The current elementary school schedule in Fairfax County is irresponsible

The Fairfax Times article entitled Fairfax elementary schools watch the clock was reprinted in the Washington Post April 10 under the title “A push to clock in longer at school.” This appeared in the Fairfax Edition of Local Living.

“Interim Deputy Superintendent Dan Parris is leading a working group to study options for improved school schedules across all grade levels, K through 12, according to FCPS spokesman John Torre,” Kate Yanchulis reported. “Yet School Board member Janie Strauss (Dranesville) urges caution in considering a change. As with everything in the school system, Strauss said, the elementary school schedule represents a delicate balance.”

I posted some comments after this article:

“A delicate balance” is not how I would describe the elementary school schedule in Fairfax County Public Schools.  “Out of whack” is more like it.

This article explains that Fairfax provides “a combined 40 minutes each day for lunch and recess.”

Only 10 minutes per day for recess. Really?  Does this make any sense at all? No. And yet this is the unrealistic and impractical limit supposedly in effect for the last seven years. The absurdly limited schedule imposed on the elementary school students in Fairfax County is so confusing that few people understand it in the first place.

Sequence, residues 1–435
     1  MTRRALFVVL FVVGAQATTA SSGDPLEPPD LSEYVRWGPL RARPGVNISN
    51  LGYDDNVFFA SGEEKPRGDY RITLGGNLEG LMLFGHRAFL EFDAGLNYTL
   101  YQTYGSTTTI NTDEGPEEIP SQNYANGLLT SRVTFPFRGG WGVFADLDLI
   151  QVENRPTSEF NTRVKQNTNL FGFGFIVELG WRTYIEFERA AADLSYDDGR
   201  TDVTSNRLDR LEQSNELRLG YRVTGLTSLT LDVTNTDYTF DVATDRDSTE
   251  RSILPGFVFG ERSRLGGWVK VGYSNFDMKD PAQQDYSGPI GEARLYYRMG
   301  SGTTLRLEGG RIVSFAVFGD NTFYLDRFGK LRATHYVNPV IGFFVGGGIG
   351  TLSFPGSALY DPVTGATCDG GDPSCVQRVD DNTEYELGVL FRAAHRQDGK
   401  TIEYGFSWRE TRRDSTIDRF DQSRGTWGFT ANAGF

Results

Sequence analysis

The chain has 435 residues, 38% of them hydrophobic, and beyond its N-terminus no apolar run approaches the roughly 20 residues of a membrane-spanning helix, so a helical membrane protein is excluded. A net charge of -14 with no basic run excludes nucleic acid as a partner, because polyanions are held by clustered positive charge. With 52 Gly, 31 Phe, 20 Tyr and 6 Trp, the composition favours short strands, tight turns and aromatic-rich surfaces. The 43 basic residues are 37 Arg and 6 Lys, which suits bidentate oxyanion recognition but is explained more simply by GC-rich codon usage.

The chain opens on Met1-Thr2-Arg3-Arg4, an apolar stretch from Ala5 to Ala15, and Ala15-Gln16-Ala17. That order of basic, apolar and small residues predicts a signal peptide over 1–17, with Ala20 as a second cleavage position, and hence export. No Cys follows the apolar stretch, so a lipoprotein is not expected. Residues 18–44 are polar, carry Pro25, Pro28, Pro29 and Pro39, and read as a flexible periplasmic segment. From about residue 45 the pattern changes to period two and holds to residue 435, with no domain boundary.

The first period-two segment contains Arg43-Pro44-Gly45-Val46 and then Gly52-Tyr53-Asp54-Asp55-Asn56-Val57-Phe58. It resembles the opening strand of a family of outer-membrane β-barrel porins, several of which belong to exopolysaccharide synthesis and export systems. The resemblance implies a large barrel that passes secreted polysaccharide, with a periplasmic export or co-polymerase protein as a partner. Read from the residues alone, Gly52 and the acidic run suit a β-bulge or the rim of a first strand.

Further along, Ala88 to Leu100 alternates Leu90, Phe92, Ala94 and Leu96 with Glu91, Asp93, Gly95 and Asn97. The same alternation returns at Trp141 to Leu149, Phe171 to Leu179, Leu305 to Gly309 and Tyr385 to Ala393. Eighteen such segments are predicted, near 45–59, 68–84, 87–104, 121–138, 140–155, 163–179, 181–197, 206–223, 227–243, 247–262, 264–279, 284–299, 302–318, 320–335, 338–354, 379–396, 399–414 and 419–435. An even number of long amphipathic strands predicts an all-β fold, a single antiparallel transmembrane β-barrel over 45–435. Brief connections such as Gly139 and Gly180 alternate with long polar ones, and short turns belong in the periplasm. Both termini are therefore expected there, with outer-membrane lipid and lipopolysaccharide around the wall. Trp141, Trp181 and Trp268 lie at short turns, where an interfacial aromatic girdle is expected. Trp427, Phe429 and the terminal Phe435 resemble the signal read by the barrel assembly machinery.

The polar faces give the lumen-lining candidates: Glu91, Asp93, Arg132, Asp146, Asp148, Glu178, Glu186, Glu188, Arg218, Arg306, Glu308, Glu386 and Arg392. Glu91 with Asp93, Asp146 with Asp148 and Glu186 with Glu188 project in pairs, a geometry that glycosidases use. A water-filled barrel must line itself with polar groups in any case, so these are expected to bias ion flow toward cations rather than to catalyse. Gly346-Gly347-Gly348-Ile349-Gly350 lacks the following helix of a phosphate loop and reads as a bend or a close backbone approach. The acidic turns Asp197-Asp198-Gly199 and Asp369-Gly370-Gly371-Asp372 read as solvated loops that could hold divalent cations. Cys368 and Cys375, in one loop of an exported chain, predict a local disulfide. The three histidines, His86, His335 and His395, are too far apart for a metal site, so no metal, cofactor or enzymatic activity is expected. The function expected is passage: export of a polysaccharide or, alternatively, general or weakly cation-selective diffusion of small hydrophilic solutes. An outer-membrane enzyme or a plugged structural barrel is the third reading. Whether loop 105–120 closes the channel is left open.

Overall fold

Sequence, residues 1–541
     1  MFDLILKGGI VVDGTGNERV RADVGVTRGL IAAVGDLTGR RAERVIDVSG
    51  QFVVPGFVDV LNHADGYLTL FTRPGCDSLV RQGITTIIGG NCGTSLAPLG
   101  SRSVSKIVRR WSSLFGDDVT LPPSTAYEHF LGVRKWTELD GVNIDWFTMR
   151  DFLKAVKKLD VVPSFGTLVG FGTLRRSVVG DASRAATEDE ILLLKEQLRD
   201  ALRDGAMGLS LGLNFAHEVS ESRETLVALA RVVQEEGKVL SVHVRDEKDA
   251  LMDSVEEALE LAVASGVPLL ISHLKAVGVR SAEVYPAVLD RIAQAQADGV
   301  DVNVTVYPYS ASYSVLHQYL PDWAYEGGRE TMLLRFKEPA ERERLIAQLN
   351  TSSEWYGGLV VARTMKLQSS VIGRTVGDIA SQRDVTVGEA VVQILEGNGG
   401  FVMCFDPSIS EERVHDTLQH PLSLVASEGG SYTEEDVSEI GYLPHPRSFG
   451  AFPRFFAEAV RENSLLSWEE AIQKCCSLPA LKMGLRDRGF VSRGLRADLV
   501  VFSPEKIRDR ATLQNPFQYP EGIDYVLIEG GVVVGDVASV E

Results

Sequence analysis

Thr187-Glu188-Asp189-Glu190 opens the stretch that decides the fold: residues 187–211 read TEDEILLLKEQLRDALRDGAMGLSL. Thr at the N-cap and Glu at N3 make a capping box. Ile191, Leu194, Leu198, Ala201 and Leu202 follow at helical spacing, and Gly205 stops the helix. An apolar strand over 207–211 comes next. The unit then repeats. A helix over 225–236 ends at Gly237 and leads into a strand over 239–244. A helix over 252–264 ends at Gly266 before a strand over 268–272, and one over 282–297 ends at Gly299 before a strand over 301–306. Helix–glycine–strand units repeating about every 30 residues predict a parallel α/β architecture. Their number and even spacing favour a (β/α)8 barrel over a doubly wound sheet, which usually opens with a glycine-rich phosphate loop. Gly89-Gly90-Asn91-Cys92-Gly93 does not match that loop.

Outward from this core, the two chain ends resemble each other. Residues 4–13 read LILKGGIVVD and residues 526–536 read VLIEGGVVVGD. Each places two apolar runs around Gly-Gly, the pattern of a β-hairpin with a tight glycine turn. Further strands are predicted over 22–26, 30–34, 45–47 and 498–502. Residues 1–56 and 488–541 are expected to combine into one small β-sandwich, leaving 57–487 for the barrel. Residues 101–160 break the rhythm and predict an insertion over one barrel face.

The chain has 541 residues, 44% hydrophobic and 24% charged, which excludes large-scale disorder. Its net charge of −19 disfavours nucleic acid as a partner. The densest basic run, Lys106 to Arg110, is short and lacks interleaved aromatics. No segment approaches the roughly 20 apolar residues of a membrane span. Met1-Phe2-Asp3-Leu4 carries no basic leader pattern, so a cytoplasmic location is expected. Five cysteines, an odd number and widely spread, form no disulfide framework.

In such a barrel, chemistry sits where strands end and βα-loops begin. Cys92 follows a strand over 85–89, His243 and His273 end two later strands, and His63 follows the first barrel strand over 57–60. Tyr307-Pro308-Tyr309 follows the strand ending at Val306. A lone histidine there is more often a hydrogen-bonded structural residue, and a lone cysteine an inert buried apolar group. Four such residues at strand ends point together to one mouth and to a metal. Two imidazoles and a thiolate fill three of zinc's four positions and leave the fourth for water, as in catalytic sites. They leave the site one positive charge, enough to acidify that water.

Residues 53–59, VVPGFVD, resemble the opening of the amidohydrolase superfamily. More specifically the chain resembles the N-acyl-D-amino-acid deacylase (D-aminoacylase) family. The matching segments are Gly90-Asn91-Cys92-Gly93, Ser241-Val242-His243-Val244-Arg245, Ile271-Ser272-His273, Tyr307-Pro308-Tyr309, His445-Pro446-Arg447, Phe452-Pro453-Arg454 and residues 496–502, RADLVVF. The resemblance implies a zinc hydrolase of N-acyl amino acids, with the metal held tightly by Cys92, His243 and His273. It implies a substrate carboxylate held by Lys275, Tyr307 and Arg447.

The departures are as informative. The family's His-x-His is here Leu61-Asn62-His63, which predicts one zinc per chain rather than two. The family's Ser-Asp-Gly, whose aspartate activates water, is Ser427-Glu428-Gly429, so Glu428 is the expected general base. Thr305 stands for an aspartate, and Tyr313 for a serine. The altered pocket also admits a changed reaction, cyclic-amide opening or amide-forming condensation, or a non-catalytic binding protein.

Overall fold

Thankfully, the 10-minute recess is rarely enforced. However, this leaves students with less than the mandated amount of instructional time. So, please, let’s not pretend that the current schedule should continue any longer. This is educational malpractice.

The current elementary school schedule is not a carefully considered plan with “a delicate balance.”

The current policy of dismissing elementary school students 2 ½ or 2 hours early every Monday is irresponsible.

See also Fairfax Times reports on the Full Schooldays petition.

Reston Now posts poll about “Mini Mondays”

“A grassroots movement is underway to try and get Fairfax County Public Schools to reconsider half-day Mondays,” Karen Goff reports. Afternoon Poll: Should FCPS Elementary Students Have ‘Mini Mondays?’ | Reston Now.

Full Schooldays has also organized a petition to gather signatures of support to send to the FCPS school board.

“The elementary school schedule is too short,” says the petition. “Fairfax prides itself on being a leader in American public education, but it is stuck in the past in clinging to such a short schedule for elementary schools. Students are sent home 2 ½ or 2 hours early every Monday. The students should be allowed to stay in school for at least 6 hours and 40 minutes every single day of the week.”

I posted comments refuting a statement by Jane Strauss, the Fairfax County School Board representative for Dranesville District, that full-day Mondays would mean about a seven percent increase in teacher salary costs. I also noted that the statement that “if the Tuesday through Friday schedule were shortened and the time added back to Monday, there might not be any cost,” is wrong.